Popping up and crawling all over like weeds are those "We Buy Houses" signs. I see flyers on walls, signs on telephone poles, and ads in the newspapers.

What is really behind those signs and more importantly, what types of people are behind those signs? The answer varies with each sign.

For countless years, you would see Realtor signs all over the place and you still do. Realtors provide a very important service to each community. They represent a seller who wants to sell a house. Through advertising, a Realtor can create a large network of sellers and buyers and hopefully merry them both up for a commission. A realtor must take certain training and be licensed in the state they are working in.

More than often, these people behind the "We Buy Houses" ads are not Realtors. They are investors who know of some very creative ways to purchase or acquire a home from a seller and then either sell it or hold on to it depending on
how it fits in their plans.


Some are experienced and some are not so experienced. The same would hold true with a Realtor. Some are experienced and some are not, but with a Realtor, they have a Broker who helps them through the difficult situations. Some Investors, who are experienced, have the cash to work with, and are also networked to buy and sell a house very quickly. Where an Investor can be more beneficial is where the seller has little to no equity in a home, or may be facing foreclosure, or must sell a house very quickly and not want to come back.

Although Realtors are able to market a house and in a great market, they can sell it sometimes in less than a week, many times that same market may take 45-60 days to close due to the high demand for loans and appraisals. Talking to a few mortgage brokers in Fredericksburg, VA, I'm told that all appraisers are booked for at least 6 weeks, and then it may take a week to 10 days to get the results. They also said that since underwriting is all automated, all loans that go through Freddy Mac or Fanny Mae are heavily scrutinized with very little human intervention. This sometimes takes a long time to iron out as well.

An experienced real estate investor can get very creative in his/her ability to buy a sellers house. They are able to take it over and make the payments for you, they may have buyers lined up negotiate a price with you and then negotiate a price with a buyer and just "Flip" it to them whereby everyone wins.

Wait, didn't I read something that Flipping is Illegal? I would like to clear this up for everyone. "Flipping" Real Estate is NOT illegal. Fraud is illegal, which is what many have done in the past when they were flipping Real Estate. This mostly involved fraudulent appraisers, investors, and loan brokers who would buy a home, sell it at higher-than-market value to a buyer, get it appraised for that, and the loan goes through. Where this scam was uncovered is when people defaulted on these loans and the lender was unable to sell it for anywhere near the loan amount.

Some Investors know of a way to just take over your property, guarantee they will make your payments from "this moment on" and you can walk away. In some cases this is great, and sometimes you have nothing to lose. Ask for references of the Investor, even if it is from the President of an Investment club they belong to. See if they have helped others and see how it turned out. If the Investor belongs to an investment club, more than likely they are taught that integrity goes a long way, and are taught on how to invest wisely. There was a news report in Indiana where an investor was getting the deed from many sellers with the promise that they would make the payments. This investor put tenants in the property, collected the rent and would not make the payments. There are unscrupulous people all over the world in every facet of business. You should always use caution, but don't count the investor out. They have some creative ways of helping with your needs that most Real Estate agents don't know and some don't want you to know.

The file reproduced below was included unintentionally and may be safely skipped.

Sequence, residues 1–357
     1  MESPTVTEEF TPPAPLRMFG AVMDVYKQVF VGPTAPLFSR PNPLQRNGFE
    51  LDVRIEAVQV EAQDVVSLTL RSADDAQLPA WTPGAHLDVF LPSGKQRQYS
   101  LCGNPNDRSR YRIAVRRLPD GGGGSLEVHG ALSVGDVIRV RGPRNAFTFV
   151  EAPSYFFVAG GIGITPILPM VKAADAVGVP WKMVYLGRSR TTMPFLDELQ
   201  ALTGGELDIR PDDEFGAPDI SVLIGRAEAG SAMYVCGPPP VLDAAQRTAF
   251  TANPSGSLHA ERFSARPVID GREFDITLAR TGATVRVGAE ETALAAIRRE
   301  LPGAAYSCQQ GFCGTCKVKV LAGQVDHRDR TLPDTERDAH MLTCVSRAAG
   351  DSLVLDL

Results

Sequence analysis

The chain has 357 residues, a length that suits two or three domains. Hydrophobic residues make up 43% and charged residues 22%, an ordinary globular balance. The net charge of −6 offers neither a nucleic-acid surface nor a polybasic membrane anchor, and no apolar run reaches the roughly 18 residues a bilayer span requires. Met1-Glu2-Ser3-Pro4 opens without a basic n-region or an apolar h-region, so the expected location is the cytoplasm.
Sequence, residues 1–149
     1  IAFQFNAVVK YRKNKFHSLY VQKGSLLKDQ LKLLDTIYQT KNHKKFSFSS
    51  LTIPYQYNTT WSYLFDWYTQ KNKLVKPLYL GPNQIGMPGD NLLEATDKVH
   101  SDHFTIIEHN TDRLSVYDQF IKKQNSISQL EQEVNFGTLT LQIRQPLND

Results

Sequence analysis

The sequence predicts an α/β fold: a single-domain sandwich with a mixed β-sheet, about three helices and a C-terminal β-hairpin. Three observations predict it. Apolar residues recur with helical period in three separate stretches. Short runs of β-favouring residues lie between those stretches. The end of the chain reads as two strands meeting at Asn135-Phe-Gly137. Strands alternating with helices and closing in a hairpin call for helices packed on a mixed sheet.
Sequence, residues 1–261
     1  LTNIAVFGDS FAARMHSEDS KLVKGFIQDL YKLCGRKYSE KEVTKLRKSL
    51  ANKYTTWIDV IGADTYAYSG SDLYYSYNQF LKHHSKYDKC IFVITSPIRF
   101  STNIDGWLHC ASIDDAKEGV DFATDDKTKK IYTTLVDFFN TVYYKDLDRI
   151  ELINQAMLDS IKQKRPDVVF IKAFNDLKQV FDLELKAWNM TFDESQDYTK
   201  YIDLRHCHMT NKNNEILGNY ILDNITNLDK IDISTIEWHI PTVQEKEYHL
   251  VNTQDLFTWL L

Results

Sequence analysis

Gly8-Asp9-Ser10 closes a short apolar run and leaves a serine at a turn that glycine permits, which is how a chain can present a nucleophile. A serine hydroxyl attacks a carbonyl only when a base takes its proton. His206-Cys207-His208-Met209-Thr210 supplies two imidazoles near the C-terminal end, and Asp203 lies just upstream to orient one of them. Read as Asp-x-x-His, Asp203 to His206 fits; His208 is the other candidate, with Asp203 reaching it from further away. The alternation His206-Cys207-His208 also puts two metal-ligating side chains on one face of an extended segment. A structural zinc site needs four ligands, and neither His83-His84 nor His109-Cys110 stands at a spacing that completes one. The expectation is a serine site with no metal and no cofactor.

Remember, a Realtor makes money when they sell the house. Ever try to back out of a listing? I tried once and it is not easy. There are many ways that you can sell your home quickly to an investor. There are as many options as there are colors. You can Lease it to them with an Option to Purchase, or Sell it to them under a Land Contract, where you can collect an installment income.

One thing you must be aware of with an investor is that they are doing this to make some type of profit. If there is nothing in it for them, then they won't want to work with you, but keep in mind how much of the sales price goes to a Realtor. Typically this is 6%. You can get very creative with an investor and everything is negotiable.

I have talked to Realtors and Investors alike and both say they can "Sell Fast, Close Fast", but many won't say how fast. A closing is simply the exchange of property for some type of consideration (usually monetary). When working with an investor, you can sometimes close within 24 hours, but typically within a week. With the conventional route, considering loan applications/approval, appraisals, title checks, etc, it may take as long as 2+ months. I know of one conventional purchase that was suppose to close on April 28th, and as of this article, it still hasn't closed because of some petty information gathering that an underwriter wanted. I'm sure this could get extremely frustrating.

Most investment clubs have both investors and realtors as members. If you would like to know what type of options you have, contact a Real Estate Investment Group in your local area and you'll be incredibly surprised at your options as a seller.


Rich Blecher
Virginia Real Estate Investors Association

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